I can hardly believe that I have been in Arequipa for over two months, the time has simply flown by. This past month I have been praying for guidance, for the people of Arequipa and specific individuals the team has a relationship with, and I have come to know and love. I am excited about Alfredo’s decision, and I remember the excitement in his eyes when he told me about his decision one day in language class. I am exited to see what God has in store for Alfredo, and pray that his wife, Judith will be influenced by the changes she sees in him.

Missionary Mom: Like a Child

It has been a humbling experience to live in this culture and not exactly be able to communicate how I would like. I am a people-person. I love to talk to people. But with my poor language skills (learning Spanish has not been my gift), I know that I sound like a child to so many. This has made me feel inadequate in so many ways. There have been many times that I question if I am really cut out for this role, but God has a way of using us despite our inadequacies.

Starting from Scratch

Some of you may know that I was the rookie linguist on the team when we arrived three months ago. (Yes, really, we have been here that long.) I could almost order my own meals and knew that I should say “Mucho gusto” (basically “Nice to meet you”) when I met someone. Other than that, I was pretty much at a 1- year-old’s level, knowing a few numbers, colors, concepts, but really unable to do much with it.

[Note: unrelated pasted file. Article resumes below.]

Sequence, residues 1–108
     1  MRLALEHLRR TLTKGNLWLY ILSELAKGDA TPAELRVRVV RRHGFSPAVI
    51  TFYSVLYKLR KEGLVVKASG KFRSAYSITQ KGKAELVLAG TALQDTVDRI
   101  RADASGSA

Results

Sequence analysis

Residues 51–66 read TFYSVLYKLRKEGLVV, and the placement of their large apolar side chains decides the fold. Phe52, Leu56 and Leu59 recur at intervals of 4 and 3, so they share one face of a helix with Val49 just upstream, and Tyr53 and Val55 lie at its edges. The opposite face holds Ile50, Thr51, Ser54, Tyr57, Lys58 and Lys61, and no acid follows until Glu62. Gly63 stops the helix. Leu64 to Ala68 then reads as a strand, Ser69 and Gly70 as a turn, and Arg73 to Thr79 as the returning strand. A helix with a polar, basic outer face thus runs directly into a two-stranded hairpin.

What's Next?

Well, I've finished with Spanish language school. It's a strange feeling being "done." I haven't really studied Spanish since I finished my minor in undergrad., so I've been looking forward to brushing up for a long time. It's come and gone, and I can hardly believe it. With three weeks of budgeted schooling left, I decided that I would be better off to study at home what I'd learned and let the rest of the field workers have an extra week of class. So my week off has been one spent at home reviewing and trying to establish a self-disciplined schedule. 

Back to School

The thought of starting back to school four years after college graduation was a bit daunting to me. Studying had become a foreign concept, and since I was the Spanish rookie on the team, the task of learning an entire language loomed large in front of me. It didn’t help that the thought of sitting face-to-face with a Peruvian for four hours each day, hoping I could keep up enough to learn a few things, seemed overwhelming. 

But then we began classes, and I realized that the time goes very quickly.

The Language School Groove

It’s Friday night after our second long week of language school. We’ve got a lot to be thankful for. When we investigated language schools over a year ago, Casa de Avila was hands-down the best option in town. That, however, was far from a guarantee of excellence. One of the things I have anticipated most during the last years is language and culture training. There is something so rewarding about the look on a Peruvian’s face when you can make a word play in Spanish, order a traditional plate at a local dive, or haggle in the market without missing a beat.